The drug companies were of the view that misuse was not their problem. On their part, they said, they had complied with the notifications of the Drug Controller and placed warnings on the product sheets and packing as required. According to them, there was no technical ground to ban their product, and if there was such a ground, then the Drug Controller had not thus far stated it.


The labour union of Unichem presented the view that workers would lose their jobs if EP drugs were banned. This can be taken as an indication of the scale of production and profits from EP drugs on the one hand and on the other an indication of how the social consciousness of workers can be misused.


After hearing all the participants, the Drug Controller summed up the day‘s proceedings, and once again his remarks were most revealing. According to him, while the technical issues as well as the questions of misuse could not be ignored, issues related to misuse had to be dealt with at another level, by different measures.


Some lessons from the EP drugs controversy


Given that women are exposed to a number of hazardous drugs, specially meant for them in treating Gynaecological disorders, during pregnancy, as contraceptives, the EP drugs case raises important issues for future campaigns.


1.      Technically speaking, it is incumbent upon the drug company to prove that a drug is safe. However, if we dispute the safety, then it is for us to provide evidence of hazard.


2.      Since most studies are done by drug companies or research institutions which are not always unbiased, we have no scope of generating alternative information which will provide conclusive proof.


3.      If the debate of safety is thrown open to the medical community, it becomes the word of one expert vs. the other and decisions can be hard to reach.


4.      The Court considers such matters to be too technical in nature for it to intervene.


5.      The Drug Controller, the drug companies and the law do not consider misuse sufficient ground for banning a drug, because everything has the potential for being misused.


6.      There is no way in which doctors can be sued for malpractice at present in our country because doctors, specially private practitioners, do not maintain patient records. Prescriptions do not state the diagnosis, and patients themselves are often unaware that a subsequent health problem could be drug related.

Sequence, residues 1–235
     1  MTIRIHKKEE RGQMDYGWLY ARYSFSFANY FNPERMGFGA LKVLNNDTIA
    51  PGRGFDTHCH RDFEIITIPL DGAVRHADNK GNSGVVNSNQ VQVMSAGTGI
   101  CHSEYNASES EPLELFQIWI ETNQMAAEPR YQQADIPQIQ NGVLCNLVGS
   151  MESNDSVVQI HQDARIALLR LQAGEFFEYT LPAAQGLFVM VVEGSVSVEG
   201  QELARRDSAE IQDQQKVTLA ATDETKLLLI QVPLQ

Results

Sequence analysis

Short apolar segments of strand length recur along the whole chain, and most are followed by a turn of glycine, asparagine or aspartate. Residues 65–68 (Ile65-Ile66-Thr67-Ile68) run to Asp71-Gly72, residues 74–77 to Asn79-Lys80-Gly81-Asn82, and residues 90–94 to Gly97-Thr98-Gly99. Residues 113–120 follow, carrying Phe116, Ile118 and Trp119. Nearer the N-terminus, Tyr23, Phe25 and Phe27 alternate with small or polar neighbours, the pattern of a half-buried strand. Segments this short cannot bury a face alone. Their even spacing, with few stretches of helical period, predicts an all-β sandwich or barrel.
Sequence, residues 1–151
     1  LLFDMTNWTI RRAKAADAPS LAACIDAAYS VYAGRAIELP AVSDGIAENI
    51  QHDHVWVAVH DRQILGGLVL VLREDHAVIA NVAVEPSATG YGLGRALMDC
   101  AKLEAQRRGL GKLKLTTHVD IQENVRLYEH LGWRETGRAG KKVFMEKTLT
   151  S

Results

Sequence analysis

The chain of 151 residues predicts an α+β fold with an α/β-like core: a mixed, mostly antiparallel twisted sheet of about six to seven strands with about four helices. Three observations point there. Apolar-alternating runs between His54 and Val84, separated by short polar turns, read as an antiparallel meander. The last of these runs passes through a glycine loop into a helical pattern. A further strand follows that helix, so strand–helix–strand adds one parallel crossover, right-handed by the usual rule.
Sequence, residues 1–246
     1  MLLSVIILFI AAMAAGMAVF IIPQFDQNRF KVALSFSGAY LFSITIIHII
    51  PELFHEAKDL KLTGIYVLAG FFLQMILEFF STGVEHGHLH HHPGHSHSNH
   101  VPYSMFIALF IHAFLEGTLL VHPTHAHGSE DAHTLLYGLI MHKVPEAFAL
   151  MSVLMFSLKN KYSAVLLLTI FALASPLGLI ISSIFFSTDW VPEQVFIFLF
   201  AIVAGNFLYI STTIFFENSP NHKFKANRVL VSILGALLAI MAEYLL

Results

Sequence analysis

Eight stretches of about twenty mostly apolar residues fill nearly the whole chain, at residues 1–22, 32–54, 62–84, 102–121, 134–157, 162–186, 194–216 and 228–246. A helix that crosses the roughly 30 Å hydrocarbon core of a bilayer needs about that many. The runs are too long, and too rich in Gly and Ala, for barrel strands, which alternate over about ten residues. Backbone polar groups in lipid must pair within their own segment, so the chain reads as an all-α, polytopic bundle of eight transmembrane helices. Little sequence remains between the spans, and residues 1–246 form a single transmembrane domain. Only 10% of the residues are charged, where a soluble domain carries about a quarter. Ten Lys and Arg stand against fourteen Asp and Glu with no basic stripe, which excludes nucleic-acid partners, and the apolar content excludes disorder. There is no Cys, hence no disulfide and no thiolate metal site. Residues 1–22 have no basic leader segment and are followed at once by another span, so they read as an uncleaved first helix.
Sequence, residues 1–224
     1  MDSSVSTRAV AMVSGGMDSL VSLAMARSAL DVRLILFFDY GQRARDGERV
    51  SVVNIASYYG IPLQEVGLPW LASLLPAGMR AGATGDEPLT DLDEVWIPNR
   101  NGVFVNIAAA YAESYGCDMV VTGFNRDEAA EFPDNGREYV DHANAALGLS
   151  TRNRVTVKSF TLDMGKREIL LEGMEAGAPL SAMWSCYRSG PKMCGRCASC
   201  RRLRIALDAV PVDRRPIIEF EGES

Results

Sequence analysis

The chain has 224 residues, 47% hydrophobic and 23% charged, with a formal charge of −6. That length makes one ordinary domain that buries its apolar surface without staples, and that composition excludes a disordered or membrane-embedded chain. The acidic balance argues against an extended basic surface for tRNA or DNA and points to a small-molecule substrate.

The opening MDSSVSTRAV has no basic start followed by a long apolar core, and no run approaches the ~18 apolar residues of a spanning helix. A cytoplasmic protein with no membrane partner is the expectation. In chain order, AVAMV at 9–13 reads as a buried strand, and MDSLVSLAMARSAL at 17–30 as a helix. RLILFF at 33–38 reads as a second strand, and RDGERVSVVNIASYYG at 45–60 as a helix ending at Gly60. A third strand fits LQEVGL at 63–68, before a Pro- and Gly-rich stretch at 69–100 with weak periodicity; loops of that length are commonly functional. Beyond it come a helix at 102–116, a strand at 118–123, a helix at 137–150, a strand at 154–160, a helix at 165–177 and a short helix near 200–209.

7.      The medical community does not regulate itself in any way.


8.      There is no mechanism by which drugs sold over the counter can be regulated.


In such a situation, thousands of people are victims of drug abuse and misuse, and yet they have no recourse to remedial action. With drugs used for contraception, the potential for misuse is on an even larger scale.


Since there are very few instances of litigation against harmful drugs, the EP drug case and its out-come will set an important precedent for all time to come. It is doubtful whether the Drug Controller will infact ban EP drugs. He may or may not come out with any suggestions on how to tackle misuse even though everyone (including those in favour of the drug) agree that something should be done to stop misuse and have asked the Drug Controller to take the necessary steps.


On our part, it is clear that we cannot let the matter rest. We have to continue campaigning against the hazard of such drugs and their wide scale misuse.


We feel it is important to contact and share information with groups which have not yet participated in the campaign, and to devise strategies with all those who are in interested. Some ideas are as follows.

1.      Identify and write to the concerned ministries to take action in preventing misuse of EP drugs, e.g. the women’s ministry, which also has links with the ministry of health and family welfare.


2.      Explore the possibility of demanding that the Medical Council of India take the responsibility of regulating prescription practices of doctors as the Press Council does for the press. The Medical Council did recently de-recognise Dr. Sreeram Lagoo.


3.      Demand cheaper and safe urine tests be made available so that atleast the demand for EP drugs is no longer there on account of financial reasons.


4.      Find out what pregnancy test is routinely recommended in General hospitals.


5.      Try and find out the licensing policy with regard to production of such drugs and see whether any changes were made after the drug was banned as a pregnancy test.


We hope that you will send us your comments and suggestions for future action.